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Coronavirus: Italy reopens to tourists from Europe, but neighbors want their citizens to stay away

ROME (AFP) – Italy will reopen on Wednesday (June 3), three months after it lands in the coronavirus lock, for travelers from Europe.

Gondolas are ready to cruise along the canals of Venice, enthusiasts can play “Romeo and Juliet” on Verona’s famous balcony, and gladiator fans can pose for selfies at the Colosseum in Rome.

But it was feared that many foreign tourists would be delayed to come to a country that was still shaking off a vicious pandemic.

“Come to Calabria. There is only one risk: getting fat, “said Southern Region Governor Jole Santelli, Sunday as the race attracted big spenders – or other spenders – to Italy’s sandy beaches.

Italy was the first European country to be severely affected by the coronavirus and has officially reported more than 33,000 deaths.

It imposed an economically crippling closure in early March and the number of infections has declined dramatically since then.

As the country faces the deepest recession since World War II, it needs foreigners to return quickly.

But it still reports dozens of new cases every day, especially in the Northern Lombardy region, and experts warn that the government may be hasty in allowing travel between regions and abroad.


International flights would only resume in three major cities: Milan, Rome and Naples.

And there was concern that those who usually arrive by car, train or ferry from neighboring countries would go on vacation.

Switzerland has warned its citizens that if they go to Italy they will be subject to “health measures” on their return. The country will open its borders with Germany, France and Austria on June 15, but not with Italy.

Austria will lift restrictions with Germany, Switzerland, the Czech Republic, Slovakia and Hungary in mid-June – but again, not Italy, the Viennese health minister described last week as “still a hot spot”.

Other countries, such as Belgium and Great Britain, still advise against or forbid all non-essential travel abroad.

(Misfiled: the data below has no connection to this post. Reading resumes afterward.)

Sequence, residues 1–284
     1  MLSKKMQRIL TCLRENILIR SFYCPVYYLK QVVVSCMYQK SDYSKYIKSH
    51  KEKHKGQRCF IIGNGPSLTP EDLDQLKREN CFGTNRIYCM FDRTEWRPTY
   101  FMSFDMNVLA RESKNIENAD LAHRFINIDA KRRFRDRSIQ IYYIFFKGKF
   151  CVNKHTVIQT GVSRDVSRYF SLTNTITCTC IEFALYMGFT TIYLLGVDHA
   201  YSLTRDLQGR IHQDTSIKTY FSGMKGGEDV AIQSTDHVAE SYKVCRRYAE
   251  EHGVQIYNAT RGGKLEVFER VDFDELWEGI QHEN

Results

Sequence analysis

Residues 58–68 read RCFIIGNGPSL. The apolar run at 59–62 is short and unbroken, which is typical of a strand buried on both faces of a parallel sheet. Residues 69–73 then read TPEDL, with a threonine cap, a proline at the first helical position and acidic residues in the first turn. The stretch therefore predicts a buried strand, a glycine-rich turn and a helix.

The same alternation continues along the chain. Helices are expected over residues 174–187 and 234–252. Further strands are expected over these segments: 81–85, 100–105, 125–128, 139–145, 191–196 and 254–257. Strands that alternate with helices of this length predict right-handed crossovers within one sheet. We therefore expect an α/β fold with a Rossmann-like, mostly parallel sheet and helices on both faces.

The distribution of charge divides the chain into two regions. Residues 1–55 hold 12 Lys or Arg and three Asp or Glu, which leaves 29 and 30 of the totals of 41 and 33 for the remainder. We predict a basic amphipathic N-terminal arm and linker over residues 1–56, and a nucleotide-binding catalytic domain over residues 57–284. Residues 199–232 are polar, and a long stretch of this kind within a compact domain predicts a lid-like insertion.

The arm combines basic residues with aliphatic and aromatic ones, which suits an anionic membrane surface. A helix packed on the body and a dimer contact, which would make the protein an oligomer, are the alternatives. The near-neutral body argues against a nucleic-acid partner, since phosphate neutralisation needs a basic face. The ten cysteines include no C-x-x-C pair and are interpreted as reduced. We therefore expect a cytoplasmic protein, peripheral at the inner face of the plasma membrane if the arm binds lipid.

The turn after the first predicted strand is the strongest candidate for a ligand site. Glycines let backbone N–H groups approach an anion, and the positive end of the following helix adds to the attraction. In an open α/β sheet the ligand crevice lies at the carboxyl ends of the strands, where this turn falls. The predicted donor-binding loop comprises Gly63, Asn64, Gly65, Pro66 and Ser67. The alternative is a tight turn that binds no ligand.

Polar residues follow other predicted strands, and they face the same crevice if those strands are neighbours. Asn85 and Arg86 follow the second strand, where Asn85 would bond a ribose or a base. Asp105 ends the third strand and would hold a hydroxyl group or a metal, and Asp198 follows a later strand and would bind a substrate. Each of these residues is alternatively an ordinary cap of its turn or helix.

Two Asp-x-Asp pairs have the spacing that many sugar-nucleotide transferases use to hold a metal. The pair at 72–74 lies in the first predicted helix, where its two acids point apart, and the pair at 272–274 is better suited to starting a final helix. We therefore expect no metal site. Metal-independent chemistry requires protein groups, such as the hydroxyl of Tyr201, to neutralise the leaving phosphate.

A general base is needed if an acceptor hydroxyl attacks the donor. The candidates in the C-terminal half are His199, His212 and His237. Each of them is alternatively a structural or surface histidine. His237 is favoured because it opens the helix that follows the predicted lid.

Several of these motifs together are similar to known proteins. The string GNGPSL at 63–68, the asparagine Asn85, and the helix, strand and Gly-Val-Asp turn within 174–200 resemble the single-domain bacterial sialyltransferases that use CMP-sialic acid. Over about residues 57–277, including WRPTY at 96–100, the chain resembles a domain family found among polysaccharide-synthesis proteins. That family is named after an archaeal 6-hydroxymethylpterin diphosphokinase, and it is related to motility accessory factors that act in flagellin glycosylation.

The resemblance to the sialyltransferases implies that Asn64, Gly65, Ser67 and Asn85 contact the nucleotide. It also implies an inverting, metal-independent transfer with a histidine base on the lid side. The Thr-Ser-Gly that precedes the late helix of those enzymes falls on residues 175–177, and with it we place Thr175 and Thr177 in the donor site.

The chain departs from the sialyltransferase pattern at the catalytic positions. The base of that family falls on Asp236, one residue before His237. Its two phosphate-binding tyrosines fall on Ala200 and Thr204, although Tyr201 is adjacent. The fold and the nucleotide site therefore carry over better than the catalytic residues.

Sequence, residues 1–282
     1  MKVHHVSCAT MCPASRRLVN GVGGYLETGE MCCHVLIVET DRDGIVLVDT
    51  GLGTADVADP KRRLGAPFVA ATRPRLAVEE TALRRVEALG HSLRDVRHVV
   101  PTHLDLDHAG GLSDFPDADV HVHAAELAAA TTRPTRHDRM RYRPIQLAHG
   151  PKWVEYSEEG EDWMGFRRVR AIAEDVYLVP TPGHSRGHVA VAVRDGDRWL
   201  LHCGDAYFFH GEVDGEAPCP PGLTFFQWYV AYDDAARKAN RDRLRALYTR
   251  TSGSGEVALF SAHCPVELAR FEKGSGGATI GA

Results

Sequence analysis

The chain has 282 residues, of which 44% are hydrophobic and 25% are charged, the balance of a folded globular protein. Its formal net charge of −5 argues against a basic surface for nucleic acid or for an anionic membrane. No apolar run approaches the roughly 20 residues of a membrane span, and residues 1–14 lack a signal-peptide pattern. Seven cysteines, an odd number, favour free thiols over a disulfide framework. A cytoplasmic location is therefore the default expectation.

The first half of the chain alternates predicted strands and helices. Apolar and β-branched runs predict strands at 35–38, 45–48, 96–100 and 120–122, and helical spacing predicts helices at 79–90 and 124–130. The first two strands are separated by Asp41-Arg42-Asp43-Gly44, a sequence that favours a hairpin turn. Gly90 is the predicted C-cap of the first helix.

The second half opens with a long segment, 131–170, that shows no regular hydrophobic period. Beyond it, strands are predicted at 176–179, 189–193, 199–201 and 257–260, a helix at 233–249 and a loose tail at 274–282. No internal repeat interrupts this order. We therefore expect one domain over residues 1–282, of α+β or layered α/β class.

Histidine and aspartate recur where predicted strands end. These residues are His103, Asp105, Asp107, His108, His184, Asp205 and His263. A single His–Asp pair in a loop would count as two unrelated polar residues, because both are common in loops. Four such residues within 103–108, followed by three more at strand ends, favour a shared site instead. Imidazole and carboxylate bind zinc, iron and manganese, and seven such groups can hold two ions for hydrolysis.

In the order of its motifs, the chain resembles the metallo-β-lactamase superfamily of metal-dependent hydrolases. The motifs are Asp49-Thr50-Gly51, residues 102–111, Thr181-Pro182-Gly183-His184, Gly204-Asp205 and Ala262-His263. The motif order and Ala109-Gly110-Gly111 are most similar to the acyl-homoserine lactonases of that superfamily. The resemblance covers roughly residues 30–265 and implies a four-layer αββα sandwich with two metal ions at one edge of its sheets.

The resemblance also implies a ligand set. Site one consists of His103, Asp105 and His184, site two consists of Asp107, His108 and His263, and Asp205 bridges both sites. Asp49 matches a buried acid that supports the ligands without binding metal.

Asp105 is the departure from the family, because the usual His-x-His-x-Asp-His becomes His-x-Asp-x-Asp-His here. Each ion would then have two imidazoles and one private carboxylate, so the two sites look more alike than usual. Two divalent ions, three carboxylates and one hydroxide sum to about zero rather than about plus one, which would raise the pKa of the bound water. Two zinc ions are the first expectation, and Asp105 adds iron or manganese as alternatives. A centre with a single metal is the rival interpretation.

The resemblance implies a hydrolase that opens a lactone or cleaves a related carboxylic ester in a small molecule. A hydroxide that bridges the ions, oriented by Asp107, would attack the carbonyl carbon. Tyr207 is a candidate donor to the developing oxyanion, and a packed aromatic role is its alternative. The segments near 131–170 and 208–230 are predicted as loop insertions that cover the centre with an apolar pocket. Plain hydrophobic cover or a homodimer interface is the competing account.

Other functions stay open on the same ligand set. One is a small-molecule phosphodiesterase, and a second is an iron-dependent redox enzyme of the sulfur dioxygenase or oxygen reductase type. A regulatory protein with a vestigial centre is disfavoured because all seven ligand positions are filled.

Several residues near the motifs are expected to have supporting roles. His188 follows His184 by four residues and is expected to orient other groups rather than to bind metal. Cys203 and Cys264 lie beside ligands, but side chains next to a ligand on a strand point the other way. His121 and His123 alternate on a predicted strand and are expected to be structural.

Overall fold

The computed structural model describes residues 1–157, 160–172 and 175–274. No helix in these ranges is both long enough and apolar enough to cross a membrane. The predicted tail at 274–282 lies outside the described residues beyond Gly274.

In response to the alleged anti-Italian sentiment, Foreign Minister Luigi Di Maio has warned countries not to treat Italy “like a leper”.

He said on Saturday that he would travel to Germany, Slovenia and Greece to convince them that Italy is safe for foreign tourists.

Arrivals in Italy from Europe need not isolate themselves unless they have recently traveled from another continent.

Beachgoers on the coast in Giugliano in Campania, Italy, on May 25, 2020. PHOTO: NYTIMES


The closure of Italy has a particularly devastating effect on the tourism sector, which accounts for approximately 13 percent of gross domestic product (GDP).

Historic sites were closed, restaurants were closed, and hotels were used to care for coronavirus diseases.

Restaurants, cafes and beach facilities have slowly reopened over the past two weeks – although the government has stated that it reserves the right to impose local closings if it sees an increase in contaminants.

But only 40 of Rome’s 1,200 hotels have reopened, Corriere della Sera newspaper said Monday, and only a dozen in Milan. It costs too much to open them if they just remain empty.

“My hoteliers all want to reopen, but as long as the borders remain closed, that is not possible,” said Mr. Marco Michielli, deputy head of the Federalberghi Hotelier Association, Saturday.

Italy’s National Tourist Board (ENIT) said that about 40 percent of Italians traditionally travel abroad for their holidays, but this year could be forced to go on holiday at home and help local businesses.

That may be of little comfort to those who run the country’s precious historical sites, as most of the tens of thousands of visitors who usually come to the Leaning Tower, Pantheon or Pompeii on a daily basis come from abroad.

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